One of the major challenges bedevilling most global economies is the issue of corruption and misappropriation of public funds by those entrusted with the responsibilities of leadership, especially political leaders.
Nigeria as a nation is not devoid of this negative trend as historical experience has shown that right from its inception and independence, the Federal Republic of Nigeria has always battled with issues and crises of corruption and corrupt leaders. Many people aspire for political positions and power because of what they stand to grab and gain for themselves and their families and not necessarily with the aim or objective to serve their fatherland. These, political positions and power have become so enviable and lucrative in Nigeria for all the wrong reasons as a majority of these politicians, apart from the outrageous wages been paid to them monthly, have devices other numerous corrupt channels to exploit and siphoned national resources to their pockets and in most cases, some of these negative acts are done with so much impunity and disregard for its damming effects on the nation’s well being.
As a way of curbing these ugly trends and also to serve as a deterrent to many politicians who intend to follow in the footsteps of their corrupt predecessors, the British commissioner to Nigeria, Catriona Laing, has in a recent statement released to the press, sounded a note of warning to anyone with fraudulent intentions to desist from such and disclosed that any form of ill-gotten money, will no longer be allowed into the UK.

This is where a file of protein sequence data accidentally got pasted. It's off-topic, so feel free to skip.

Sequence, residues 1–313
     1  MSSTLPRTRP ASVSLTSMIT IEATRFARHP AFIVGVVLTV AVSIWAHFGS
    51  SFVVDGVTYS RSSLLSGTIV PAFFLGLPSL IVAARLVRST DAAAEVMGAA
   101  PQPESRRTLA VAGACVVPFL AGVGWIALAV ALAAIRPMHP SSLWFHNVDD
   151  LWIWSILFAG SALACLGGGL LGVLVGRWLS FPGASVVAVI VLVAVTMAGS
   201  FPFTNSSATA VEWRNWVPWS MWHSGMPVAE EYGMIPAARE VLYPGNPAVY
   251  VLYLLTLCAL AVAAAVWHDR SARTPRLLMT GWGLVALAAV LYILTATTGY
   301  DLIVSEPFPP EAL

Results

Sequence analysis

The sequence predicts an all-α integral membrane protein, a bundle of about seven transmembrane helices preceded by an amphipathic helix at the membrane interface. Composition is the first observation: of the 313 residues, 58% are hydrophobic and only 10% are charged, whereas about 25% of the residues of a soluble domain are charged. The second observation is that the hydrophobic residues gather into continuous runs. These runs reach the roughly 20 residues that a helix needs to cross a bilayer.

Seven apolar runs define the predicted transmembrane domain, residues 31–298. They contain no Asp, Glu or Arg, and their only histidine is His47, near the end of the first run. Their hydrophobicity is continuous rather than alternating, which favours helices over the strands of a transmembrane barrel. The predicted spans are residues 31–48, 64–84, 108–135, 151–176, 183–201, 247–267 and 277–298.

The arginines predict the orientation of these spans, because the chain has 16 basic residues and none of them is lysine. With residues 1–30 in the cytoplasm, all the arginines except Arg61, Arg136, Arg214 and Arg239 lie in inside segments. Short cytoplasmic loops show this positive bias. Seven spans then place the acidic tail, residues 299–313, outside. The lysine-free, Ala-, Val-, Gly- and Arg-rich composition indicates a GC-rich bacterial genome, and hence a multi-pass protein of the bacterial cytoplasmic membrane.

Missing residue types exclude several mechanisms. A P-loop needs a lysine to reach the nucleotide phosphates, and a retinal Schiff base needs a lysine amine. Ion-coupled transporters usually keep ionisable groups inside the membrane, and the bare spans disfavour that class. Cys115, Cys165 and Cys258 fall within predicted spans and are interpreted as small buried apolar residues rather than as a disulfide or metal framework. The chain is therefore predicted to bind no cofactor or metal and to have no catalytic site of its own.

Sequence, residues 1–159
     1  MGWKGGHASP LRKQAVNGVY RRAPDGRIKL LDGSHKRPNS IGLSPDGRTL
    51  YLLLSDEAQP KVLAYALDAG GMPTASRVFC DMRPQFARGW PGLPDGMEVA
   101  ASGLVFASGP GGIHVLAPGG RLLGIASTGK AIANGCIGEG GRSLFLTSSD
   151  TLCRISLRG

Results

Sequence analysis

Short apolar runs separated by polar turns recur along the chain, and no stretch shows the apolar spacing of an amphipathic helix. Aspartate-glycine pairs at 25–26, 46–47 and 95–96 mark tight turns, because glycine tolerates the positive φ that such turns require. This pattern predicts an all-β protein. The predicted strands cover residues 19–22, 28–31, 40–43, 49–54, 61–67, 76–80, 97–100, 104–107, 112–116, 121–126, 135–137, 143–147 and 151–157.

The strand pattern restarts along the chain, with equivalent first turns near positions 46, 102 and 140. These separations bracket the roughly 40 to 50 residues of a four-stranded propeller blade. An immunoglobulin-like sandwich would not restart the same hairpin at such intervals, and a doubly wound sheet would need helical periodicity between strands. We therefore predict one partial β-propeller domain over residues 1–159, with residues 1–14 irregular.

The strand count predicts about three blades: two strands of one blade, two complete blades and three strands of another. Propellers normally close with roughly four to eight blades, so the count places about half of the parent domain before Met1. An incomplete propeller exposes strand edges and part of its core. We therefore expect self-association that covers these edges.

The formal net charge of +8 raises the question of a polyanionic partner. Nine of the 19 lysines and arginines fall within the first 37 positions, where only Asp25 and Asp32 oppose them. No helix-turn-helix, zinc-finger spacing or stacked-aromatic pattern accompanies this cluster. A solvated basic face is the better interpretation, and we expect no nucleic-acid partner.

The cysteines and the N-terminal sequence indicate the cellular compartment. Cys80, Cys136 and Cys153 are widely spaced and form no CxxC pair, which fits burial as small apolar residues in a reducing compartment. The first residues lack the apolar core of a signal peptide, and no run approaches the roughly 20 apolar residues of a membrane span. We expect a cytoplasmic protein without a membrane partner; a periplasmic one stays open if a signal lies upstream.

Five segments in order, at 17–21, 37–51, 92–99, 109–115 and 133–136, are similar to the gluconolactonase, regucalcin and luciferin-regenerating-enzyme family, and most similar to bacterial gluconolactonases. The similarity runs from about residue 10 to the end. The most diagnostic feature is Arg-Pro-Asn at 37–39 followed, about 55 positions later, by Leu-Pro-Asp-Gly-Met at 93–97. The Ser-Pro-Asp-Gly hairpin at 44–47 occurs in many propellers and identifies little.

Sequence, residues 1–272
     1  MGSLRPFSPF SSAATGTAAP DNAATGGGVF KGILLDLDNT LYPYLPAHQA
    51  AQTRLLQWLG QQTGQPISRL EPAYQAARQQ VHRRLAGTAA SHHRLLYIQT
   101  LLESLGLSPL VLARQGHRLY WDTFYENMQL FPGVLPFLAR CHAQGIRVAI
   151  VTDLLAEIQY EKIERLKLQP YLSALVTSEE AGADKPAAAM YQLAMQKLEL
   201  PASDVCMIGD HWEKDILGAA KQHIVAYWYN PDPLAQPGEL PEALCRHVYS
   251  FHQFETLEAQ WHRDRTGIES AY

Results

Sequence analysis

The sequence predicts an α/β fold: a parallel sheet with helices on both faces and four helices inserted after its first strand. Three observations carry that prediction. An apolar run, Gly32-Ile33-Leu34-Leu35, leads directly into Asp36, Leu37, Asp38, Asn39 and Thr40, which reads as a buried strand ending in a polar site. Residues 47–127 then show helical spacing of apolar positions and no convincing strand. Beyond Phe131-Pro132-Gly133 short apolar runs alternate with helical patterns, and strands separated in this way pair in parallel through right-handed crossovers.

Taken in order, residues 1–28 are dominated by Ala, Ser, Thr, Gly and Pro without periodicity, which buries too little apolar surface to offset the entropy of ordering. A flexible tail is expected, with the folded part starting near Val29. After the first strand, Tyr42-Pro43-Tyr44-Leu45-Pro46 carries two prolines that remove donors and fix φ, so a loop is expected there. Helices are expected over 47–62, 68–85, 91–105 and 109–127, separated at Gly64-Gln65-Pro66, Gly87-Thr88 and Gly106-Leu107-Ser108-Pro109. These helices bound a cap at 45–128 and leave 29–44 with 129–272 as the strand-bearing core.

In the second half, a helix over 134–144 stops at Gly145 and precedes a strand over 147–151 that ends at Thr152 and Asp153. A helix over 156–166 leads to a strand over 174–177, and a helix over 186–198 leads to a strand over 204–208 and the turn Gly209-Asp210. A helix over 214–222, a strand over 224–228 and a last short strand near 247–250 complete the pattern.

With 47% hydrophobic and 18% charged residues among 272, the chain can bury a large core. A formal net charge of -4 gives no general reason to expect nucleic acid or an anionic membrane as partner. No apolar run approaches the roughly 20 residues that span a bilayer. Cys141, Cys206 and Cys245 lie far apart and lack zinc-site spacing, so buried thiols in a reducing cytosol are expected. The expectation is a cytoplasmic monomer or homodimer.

Laing made these comments in an event while signing a memorandum of understanding (MoU) between the UK and Nigeria for the return of the loot recovered from James Ibori, former governor of Delta state.
Recall that James Ibori had been earlier probed on numerous occasions for his involvement in looting and embezzling of public funds which he starched in various accounts outside the country.
The commissioner further confirmed and disclosed that the MoU will ensure the return of over £4.2 million regained from the affiliates and household of Ibori to the Nigerian government.
“The return of these assets to Nigeria has been subject to several hard-fought legal challenges by third parties which were defeated in the UK courts,” she said.
“We will ensure the full weight of law enforcement to crack down those who use, move, or hide their proceed of crime in the UK.”
The high commissioner also emphasized the need and significance of transparency, as a major priority for both UK and Nigeria governments, while trying to recover these assets.
“It is vital that this agreement makes strong provision for transparency, monitoring, and accountability,” she said.
“It is a guiding principle of both UK and Nigerian governments that stolen assets should be used for projects that benefit Nigeria’s poor.”
Meanwhile, Abubakar Malami, attorney-general of the federation and minister of justice, has also in a statement affirmed the words of the British commissioner and insisted that the FG was duly committed to fulfilling and ensuring the openness in the bid to manage all the recovered properties.
“The assets returned will support and assist in expediting the construction of three major infrastructure projects across Nigeria,” Malami said.
“The projects are the Lagos-Ibadan, expressway, Abuja – Kano road, and the second Niger Bridge that is being executed under the supervision of the Nigerian Sovereign Investment Authority.
“The project will boost economic growth and help alleviate poverty by connecting people and supply chains of the east to the west and the northern part of Nigeria.”
Gift Joseph Okpakorese